Arato et al.

Volume 20, Issue 1, 2017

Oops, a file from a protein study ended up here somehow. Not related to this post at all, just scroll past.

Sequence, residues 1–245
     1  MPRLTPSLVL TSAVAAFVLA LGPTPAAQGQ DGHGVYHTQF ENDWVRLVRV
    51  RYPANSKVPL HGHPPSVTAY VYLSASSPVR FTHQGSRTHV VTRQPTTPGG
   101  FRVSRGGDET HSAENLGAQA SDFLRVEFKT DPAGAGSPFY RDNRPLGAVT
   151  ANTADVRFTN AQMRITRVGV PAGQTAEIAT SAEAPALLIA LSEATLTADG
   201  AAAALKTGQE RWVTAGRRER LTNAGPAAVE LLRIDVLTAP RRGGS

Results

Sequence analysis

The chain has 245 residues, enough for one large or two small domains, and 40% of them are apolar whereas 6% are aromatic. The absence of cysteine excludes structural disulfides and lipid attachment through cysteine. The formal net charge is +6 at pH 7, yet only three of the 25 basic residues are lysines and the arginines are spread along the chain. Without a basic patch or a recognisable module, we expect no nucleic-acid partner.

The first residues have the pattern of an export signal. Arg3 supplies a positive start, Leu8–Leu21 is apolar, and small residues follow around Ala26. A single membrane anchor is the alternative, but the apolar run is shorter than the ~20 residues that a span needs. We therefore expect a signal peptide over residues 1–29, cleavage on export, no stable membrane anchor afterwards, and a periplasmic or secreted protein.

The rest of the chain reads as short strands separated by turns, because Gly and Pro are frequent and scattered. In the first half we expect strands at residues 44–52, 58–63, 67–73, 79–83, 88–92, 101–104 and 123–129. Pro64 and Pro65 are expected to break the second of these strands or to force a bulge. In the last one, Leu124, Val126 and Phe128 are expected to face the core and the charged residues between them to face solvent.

Boettke, P., C. Coyne and P. Leeson. 2008. Institutional stickiness and the new development economics. American Journal of Economics and Sociology 67: 331-358. Bolwig, S., S. Ponte, A. Du Toit, L. Riisgaard and N. Halberg. 2010. Integrating poverty and environmental concerns into value-chain analysis: a conceptual framework. Development Policy Review 28: 173-194. Borgatti, S.P. and X. Li. 2009. On social network analysis in a supply chain context. Journal of Supply Chain Management 45: 5-22. Bowles, S. and H. Gintis. 2002. Social capital and community governance. Economic Journal 112: 419-436. CONABIO. 2009. Evaluación del estatus de euphorbia antisyphilitica en México dentro de los apéndices de la CITES. Decimoctava reunión del Comité de Flora. Buenos Aires (Argentina), 17-21 de marzo del 2009. Available at: http://tinyurl.com/zt2gpa3. CONAFOR. 2008. Catálogo de recursos maderables y no maderables. Clima Árido, tropical y templado. Available at: http://tinyurl.com/h3ke9go. CONAFOR. 2012. Empresas forestales y cadenas productivas. Available at: http://tinyurl.com/zg4n58t. Da Silva, C.A. and H.M. de Souza Filho. 2007. Guidelines for rapid appraisals of agrifood chain performance in developing countries. Rome: food and agriculture organization of the United Nations. Available at: http://tinyurl.com/jupoq83. Durand, G. and G. Van Huylenbroeck. 2003. Multifunctionality and rural development: a general framework. In: Multifuncional agriculture: a new paradigm for European agriculture and rural development, edited by G. Van Huylenbroeck and G. Durand. Ashgate Pub Limited, Farnham, UK. Durlauf, S.N. 2002. On the empirics of social capital. The Economic Journal 112: F459-F479. Earth Council. 1994. The earth summit-Eco 92: different visions. Earth Council and the Inter-American Institute for Cooperation on Agriculture, San Jose, Costa Rica. Ellis, F. 2000. Rural livelihoods and diversity in developing countries. Oxford University Press, Oxford, UK. Ellis, F. and S. Biggs. 2001. Evolving themes in rural development 1950-2000s. Development Policy Review 19: 437-448. Fasse, A., U. Grote and E. Winter. 2009. Value chain analysis methodologies in the context of environment and trade research (No. 429). Discussion papers//School of Economics and Management of the Hanover Leibniz University. Available at: http://tinyurl.com/hnt2c6e. Fisher, R.J. and R. Dechaineaux. 1998. A methodology for assessing and evaluating the social impacts of non-timber forest products projects. In: Incomes from the forest. Methods for the development and conservation of forest products for local communities, edited by E. Wollenberg and A. Ingles. CIFOR, Bogor, Indonesia, pp. 189-199. Fukuyama, F. 1999. The great disruption. Simon and Schuster, New York, NY, USA. Gray, B.J., S. Duncan, J. Kirkwood and S. Walton. 2014. Encouraging sustainable entrepreneurship in climate-threatened communities: a Samoan case study. Entrepreneurship and Regional Development 26: 401-430. Gregoratti, C. 2011. Global nuts and local mangoes: a critical reading of the UNDP growing sustainable business initiative in Kenya. Agriculture and human values 28: 369-383. Horlings, L.G. and T.K. Marsden. 2012. Exploring the ‘new rural paradigm’ in Europe: eco-economic strategies as a counterforce to the global competitiveness agenda. European Urban and Regional Studies 21: 4-20. Jarosz, L. 2000. Understanding agri-food networks as social relations. Agriculture and human values 17: 279-283. Kaplinsky, R. and M. Morris. 2002. Handbook for value chain research, IDRC. Available at: http://tinyurl. com/ha9vgnt. Marsden, T. 2010. Mobilizing the regional eco-economy: evolving webs of agri-food and rural development in the UK. Cambridge Journal of Regions, Economy and Society 3: 225-244. Marsden, T. and H. Renting. 2003. Understanding alternative food networks: exploring the role of short supply chains in rural development. Environment and Planning 35: 393-411.